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Richard Wright: Author of Black Boy

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"Richard Wright: Author of Black Boy"

Richard Wright's "Black Boy" depicts the different observations of the South and the North. In the South, Wright faces pre-depression and racism. In the North, Wright faces the conflicts from the Communist party. At the end of Black Boy, Wright quotes "What had I got out of living in the city? What had I got out of living in the South?"(Wright 452)

Wright's thought of the South was that the South was a socially unreconstructed region where blacks who asserted their basic human rights invited punishment or death. Black Boy forces the reader to imagine the Southern life from a Negro point of view. The perspective of the South is that the entire society is assembled to keep the Negro in his place. White society of the South restricts a black person's freedom of movement, discourages his ambition, and banishes the black person to a place of inferiority. In Black Boy, an elevator boy named Shorty invites a white man to kick him for a quarter. Shorty is a symbol of nothingness because he does not have any pride in himself and towards his race. Wright would rather die that have himself kicked. Wright marvels at the willingness of southern Negroes who control themselves, their hopes and dreams. Black Boy states that the South is so dark that Wright wanders over the fact that the sun is still shining. 1)

Readers are felt free to make false charges on the South were forced to inspect the problems of race, oppression and class in the North. Due to segregation in the South, it was unthinkable for a black boy to become a writer. Wright learns that his people grope at the Southern life making them believe in a better world up North. Wright leaves the South so that he could engage himself with reality. Wright's reflections on the South ended with a quote, "This was the culture from which I sprang, this was the terror from which I fled."(Wright 303)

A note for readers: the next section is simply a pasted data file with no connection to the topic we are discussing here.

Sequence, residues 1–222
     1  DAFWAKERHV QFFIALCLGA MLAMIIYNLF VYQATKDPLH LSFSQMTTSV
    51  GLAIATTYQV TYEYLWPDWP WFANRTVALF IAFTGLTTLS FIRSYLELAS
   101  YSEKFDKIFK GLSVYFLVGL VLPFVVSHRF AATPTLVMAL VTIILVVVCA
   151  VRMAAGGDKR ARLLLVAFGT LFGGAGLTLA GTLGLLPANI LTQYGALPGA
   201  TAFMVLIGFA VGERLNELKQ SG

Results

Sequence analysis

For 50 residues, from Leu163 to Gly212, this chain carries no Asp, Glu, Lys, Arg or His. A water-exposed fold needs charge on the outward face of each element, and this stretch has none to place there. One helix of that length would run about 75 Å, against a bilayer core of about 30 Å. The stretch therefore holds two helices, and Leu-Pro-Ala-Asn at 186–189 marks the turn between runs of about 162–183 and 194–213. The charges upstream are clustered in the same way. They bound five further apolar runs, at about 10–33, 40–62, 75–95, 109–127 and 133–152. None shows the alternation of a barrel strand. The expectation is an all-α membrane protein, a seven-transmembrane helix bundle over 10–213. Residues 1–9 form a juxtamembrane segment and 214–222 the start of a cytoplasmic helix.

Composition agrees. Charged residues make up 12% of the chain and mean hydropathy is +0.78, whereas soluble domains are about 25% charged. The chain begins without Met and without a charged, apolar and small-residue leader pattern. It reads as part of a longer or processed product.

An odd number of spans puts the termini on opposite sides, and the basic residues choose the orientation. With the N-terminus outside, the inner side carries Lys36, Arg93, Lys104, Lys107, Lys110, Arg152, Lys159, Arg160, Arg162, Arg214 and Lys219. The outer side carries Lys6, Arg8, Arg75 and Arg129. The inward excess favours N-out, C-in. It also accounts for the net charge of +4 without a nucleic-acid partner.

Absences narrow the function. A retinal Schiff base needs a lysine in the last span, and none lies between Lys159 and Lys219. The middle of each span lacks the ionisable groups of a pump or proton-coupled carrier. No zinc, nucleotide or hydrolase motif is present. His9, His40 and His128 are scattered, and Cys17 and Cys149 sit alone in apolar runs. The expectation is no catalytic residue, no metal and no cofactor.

When Wright goes to Chicago, Wright did not go North with a sense of what he wanted to become. In the North, Wright faces the pressure of the Communist Party. In the Communist Party, the themes of black and white are less intense. The issue of black and white as a race continues but Wright notes, he now feels "a different sort of tension, a different kind of in security."(Bloom 86)

Wright's early experiences in the North were different of what had happened to him in the South.

The North was transformed by the urban environment into clear ideas about the constrictions placed on human freedom in the North as well as in the South. Although Wright was becoming well known for his writing, he still faced racism. While attending the New York Conference, Wright refused a room in a "white only" hotel in Harlem.(Wright 408)


American Hunger seems to regret Wright's sense of rescue in the North. The Northern exposure shows the reader that there is no hiding places in regional differences.

Black Boy challenges our stereotypical thinking of the South and the North. In the South, Wright shows how ignorance and racial discrimination lead to prejudice and self-hatred. Wright shows how Communists dominate intellectual communion and social contacts in the North. At the end of Black Boy, Wright has a clear awareness that all the places where he experienced has threatened to diminish his spirit. Wright's Black Boy sends a message of optimism about the possibility of the black Southerners achieving a fulfilling sense of identity in America.

"He came like a sledgehammer, like a giant out of the mountain with a sledgehammer, writing with a sledgehammerÐ'..."(Bloom 123) Historian John Henrick Clarke stated this quote about Richard Wright. Wright wrote Black Boy whom creates a version of himself whose metaphor for survival and livelihood is false.

In Black Boy, Wright underplays his own family's middle class ways and positive values to become "Black Boy".


Wright eliminates the uses of names in Black Boy, not even that of Richard's brother, Leon Allen. The story of Uncle Hoskins of how he plays a minor trick to scare Wright is not true, for how could a boy whose life at that point be so violent, be scared of his uncle's harmless trick? As Wright goes from school to school, there was an absence of names like Lucy McCranie who recognized his intelligence. In Black Boy, there was no question about his status in these schools, since Wright was head of the class. Wright also avoids references to peer associations like Dick Jordan and Essie Lee Ward who was in touch with Wright several years later when Wright was living in Chicago. As a child, Wright leaves out his activities with the Dick Wright Clan in Black Boy, which was made up of a bunch of neighborhood



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